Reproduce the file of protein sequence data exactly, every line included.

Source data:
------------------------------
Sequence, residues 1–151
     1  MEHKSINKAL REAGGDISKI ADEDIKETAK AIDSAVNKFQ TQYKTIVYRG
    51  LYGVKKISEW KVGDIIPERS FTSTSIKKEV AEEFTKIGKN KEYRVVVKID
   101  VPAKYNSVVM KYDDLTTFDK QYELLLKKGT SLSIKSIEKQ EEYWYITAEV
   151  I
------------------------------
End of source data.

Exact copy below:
Sequence, residues 1–151
     1  MEHKSINKAL REAGGDISKI ADEDIKETAK AIDSAVNKFQ TQYKTIVYRG
    51  LYGVKKISEW KVGDIIPERS FTSTSIKKEV AEEFTKIGKN KEYRVVVKID
   101  VPAKYNSVVM KYDDLTTFDK QYELLLKKGT SLSIKSIEKQ EEYWYITAEV
   151  I